Social media, however, allows the crowd to convert a niche conversation into mainstream beliefs. One example would be travel, where for generations people thought about certain destinations (Florida, London, the Bahamas) as the places to vacation. Then with people sharing pictures and stories of the Maldives, Patagonia, Seychelles, et al, the travel industry changed dramatically. Thus, people were not only open but looking for alternatives to traditional destinations. Third, make an idea meaningful to as many people as possible. A brand idea also needs to have a potential scale. If a brand becomes too associated with a specific sub culture, it can become defined and limited by that association. Take the example of Toyota’s Scion brand in the US. Designed to appeal to a younger, anti-establishment audience, Scion was marketed through tactics like the creation of its own record label, guerrilla marketing and sponsorship, including the infamous Slayer car. The problem was that while Scion may have become well-known within the heavy metal crowd, more mainstream buyers did not know about it at all. Attempts to remedy this came too late. Later, Toyota declared Scion dead.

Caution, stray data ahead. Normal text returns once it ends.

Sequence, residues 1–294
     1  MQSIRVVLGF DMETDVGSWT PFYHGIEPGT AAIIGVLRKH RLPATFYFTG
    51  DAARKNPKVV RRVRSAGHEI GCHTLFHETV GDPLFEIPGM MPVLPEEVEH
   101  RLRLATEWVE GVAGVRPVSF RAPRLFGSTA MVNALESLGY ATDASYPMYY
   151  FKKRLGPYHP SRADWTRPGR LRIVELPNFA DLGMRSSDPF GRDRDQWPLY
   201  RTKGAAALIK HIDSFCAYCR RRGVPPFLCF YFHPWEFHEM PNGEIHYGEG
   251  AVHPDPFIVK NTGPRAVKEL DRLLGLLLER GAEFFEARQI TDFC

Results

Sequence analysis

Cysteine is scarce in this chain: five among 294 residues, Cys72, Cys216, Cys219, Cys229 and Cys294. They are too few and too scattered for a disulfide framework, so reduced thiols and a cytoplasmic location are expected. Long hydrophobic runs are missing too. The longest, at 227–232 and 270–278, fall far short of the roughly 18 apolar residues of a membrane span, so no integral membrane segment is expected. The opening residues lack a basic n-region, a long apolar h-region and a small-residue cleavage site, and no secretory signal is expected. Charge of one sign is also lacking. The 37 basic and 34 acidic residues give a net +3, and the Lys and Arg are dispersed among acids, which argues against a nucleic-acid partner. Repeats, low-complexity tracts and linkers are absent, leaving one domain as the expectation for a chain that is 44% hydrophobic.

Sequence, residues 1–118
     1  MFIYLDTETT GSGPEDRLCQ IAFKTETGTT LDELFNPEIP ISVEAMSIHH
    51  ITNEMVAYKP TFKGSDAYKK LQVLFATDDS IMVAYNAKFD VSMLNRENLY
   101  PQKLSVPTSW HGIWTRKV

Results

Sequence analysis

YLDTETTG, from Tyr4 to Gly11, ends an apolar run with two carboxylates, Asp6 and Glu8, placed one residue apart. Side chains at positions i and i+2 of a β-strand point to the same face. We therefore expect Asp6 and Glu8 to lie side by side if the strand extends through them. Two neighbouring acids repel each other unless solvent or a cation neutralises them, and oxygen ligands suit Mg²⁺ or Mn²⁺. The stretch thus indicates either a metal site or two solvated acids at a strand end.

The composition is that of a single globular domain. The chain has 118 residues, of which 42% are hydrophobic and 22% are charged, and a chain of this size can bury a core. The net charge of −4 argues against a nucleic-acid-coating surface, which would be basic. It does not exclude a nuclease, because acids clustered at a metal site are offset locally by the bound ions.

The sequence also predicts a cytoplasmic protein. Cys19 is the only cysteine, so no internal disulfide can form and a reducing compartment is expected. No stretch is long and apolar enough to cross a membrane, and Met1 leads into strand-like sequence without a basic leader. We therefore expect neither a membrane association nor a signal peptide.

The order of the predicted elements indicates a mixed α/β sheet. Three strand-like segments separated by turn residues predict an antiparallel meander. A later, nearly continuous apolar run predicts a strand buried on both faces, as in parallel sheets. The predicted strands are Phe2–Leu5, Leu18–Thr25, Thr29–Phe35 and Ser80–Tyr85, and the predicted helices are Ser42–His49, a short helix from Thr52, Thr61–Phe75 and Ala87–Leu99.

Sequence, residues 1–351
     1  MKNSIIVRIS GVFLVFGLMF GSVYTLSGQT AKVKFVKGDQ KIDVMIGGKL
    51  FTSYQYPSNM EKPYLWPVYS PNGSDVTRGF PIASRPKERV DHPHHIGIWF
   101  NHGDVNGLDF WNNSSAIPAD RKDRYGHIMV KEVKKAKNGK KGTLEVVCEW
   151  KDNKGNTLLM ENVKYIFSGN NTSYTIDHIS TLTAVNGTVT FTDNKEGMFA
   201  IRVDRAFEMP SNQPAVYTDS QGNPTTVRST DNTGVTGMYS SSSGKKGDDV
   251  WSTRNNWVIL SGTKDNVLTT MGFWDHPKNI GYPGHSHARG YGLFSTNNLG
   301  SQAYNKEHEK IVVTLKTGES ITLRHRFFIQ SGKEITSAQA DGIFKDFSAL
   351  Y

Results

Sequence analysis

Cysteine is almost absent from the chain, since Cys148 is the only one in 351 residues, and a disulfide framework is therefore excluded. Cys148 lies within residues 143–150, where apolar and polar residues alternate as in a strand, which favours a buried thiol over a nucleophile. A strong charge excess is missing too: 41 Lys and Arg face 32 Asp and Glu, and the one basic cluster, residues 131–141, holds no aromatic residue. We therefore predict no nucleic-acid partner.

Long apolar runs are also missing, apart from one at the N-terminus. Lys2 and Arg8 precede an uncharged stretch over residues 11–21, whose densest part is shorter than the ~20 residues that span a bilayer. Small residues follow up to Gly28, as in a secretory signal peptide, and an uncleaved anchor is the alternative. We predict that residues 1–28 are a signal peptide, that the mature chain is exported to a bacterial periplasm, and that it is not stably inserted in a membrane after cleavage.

Fourth, once you understand the cultural opportunity, target the crowd culture. If it is adventure travel, build an offering or a company around it. Fifth, rather than just creating branded content, create entertainment that leverages the identified cultural opportunity. The entertainment does not need to be great, it needs to tap into the vein of the crowd culture. And finally, innovate continually, using cultural flashpoints. A brand can sustain its cultural relevance by playing off particularly intriguing or contentious issues that dominate social media conversations related to an ideology. That’s what Ben & Jerry’s does in championing its sustainable business philosophy. The company uses new product introductions to show its ideology on a range of political issues.